Classic movie site with rare images (no web grabs!), original ads, and behind-the-scenes photos, with informative and insightful commentary. We like to have fun with movies!
Archive and Links
grbrpix@aol.com
Search Index Here




Tuesday, November 25, 2014

Spooky Stuff In Pittsburgh

Materializing To Twist and Frankenstein Accompany For 1963

Greenbriar seeking "Starlet" Bobbi Dukes! I tried IMDB, Google, Net search beyond. Came up snake eyes. I thought at least she might have danced as background to a beach pic for Jim and Sam, but no trace (at least she'd do the Twist for this engagement). I'm beginning to doubt Bobbi was really a "starlet," but since when did that matter to attendees at a Pittsburgh spook show circa 1963? I guessed '63 for this ad and show because it's "Ethreal" materialization of Liz Taylor as Cleopatra they're selling hardest (re ethreal: should misspelling or use of non-existent words be forgiven in movie ads?). You had to be there to know how hot Liz was when Cleopatra came out. My neighbor's sixth grade was bused to Winston-Salem for a school day matinee, but mothers kept several of class home because Cleopatra was a "dirty" movie. One boy hid a souvenir program under his mattress. Liz wasn't nude in Cleopatra, but nearly so at times. Of course, kids who'd seen it told others who hadn't that she was (a same neighborhood problem we had with Natalie Wood and Gypsy). "Frankenstein In Person" was expected, as was Monsters Torturing Beautiful Girls. "One Dead Body" as a door prize causes me to wonder --- why not two? Screen fare was what theatre/drive-ins could get for cheap. The Screaming Skull and The Headless Ghost would be on TV within months of their play-off here. Note borrowed art from Blood Of Dracula and some or another AIP chiller besides ones that were showing. Jim Nicholson took dim view of such pilfer and in fact, threatened to sue showmen appropriating imagery from one shocker to promote another. There was, after all, truth in advertising at stake.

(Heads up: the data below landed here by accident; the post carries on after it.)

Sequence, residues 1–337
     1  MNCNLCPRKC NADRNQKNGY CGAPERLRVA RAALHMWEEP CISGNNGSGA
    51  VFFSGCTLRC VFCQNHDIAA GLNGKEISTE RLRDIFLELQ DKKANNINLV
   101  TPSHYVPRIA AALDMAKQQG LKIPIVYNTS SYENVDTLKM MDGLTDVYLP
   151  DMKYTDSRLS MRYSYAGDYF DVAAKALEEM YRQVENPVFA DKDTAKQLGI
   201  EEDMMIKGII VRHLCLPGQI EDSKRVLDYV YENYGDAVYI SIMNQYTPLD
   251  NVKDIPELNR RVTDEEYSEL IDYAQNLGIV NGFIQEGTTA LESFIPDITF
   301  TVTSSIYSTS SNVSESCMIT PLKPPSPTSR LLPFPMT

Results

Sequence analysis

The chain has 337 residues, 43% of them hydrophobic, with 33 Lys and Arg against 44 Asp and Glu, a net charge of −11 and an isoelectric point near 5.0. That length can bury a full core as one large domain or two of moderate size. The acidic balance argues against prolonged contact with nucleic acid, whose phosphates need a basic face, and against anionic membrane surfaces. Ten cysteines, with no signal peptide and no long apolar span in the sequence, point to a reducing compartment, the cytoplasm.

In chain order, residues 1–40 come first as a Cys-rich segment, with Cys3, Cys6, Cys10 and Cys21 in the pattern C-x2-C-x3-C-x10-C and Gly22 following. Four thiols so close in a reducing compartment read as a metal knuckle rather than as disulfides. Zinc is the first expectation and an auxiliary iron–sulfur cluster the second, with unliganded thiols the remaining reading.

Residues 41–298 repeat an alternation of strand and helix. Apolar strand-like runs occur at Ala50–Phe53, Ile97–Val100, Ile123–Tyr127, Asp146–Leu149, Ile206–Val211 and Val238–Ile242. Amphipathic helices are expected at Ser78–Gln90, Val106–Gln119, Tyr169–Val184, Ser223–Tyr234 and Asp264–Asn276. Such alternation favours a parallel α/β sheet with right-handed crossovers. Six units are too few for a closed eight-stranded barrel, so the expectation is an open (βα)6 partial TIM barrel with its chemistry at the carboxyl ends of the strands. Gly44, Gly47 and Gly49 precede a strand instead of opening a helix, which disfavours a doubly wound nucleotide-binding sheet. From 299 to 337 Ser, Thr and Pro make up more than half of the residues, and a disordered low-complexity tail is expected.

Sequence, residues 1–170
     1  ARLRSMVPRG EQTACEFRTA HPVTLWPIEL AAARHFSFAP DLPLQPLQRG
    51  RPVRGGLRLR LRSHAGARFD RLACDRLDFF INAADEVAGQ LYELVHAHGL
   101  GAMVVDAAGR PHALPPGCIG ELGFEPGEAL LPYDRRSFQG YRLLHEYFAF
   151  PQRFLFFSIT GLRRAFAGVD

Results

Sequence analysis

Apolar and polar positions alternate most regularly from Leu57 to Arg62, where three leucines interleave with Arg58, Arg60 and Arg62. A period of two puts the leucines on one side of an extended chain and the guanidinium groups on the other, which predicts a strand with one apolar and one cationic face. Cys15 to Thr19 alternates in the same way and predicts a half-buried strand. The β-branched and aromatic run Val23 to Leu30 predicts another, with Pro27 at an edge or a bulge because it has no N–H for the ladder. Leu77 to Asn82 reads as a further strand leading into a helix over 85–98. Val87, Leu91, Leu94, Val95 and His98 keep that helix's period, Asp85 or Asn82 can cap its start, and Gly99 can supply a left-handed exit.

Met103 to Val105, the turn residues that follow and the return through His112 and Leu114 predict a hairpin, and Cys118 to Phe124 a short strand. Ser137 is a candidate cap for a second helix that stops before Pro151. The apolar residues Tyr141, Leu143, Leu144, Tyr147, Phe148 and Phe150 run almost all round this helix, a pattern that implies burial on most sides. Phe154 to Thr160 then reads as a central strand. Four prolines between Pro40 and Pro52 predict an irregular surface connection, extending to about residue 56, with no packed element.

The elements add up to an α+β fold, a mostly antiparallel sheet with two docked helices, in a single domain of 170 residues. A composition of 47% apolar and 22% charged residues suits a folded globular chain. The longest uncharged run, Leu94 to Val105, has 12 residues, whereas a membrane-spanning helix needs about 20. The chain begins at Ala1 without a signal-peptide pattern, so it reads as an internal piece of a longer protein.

4 Comments:

Blogger Randy Jepsen said...

Lol What a trip!
THE HEADLESS GHOST, what a waste of celluloid. THE BRAIN THAT WOULDN`T DIE or THE THING THAT COULDN`T DIE would have been better. They are all second feature fodder but some more viewable than others.

11:52 AM  
Blogger John McElwee said...

Dan Mercer remembers a spook show in Levittown, NJ:

I went to one "spook show" growing up in Levittown, New Jersey during the 1960s. It was at the Fox Theater and the advertisements promised two horror pictures, gorillas torturing beautiful girls, a free prize," AND a free pass, if I survived the show. The place was packed by the time I got in, but the movie portion was somewhat of a let down. There was only one, not two, and that was "Francis in the Haunted House." The gorilla was no better. Apparently someone or something was chasing someone else down the aisle of the theater, but they hadn't turned the house lights on, so I couldn't tell. When the lights did come on, a few minutes later, the show was over. I had survived, but that was almost a given. A "Francis" picture? I wouldn't have turned the Magnavox on for that. I also didn't come away with a prize or free pass. Thus, in such ways did I leave the sunshine days of childhood for the chillier climes I would know as an adult.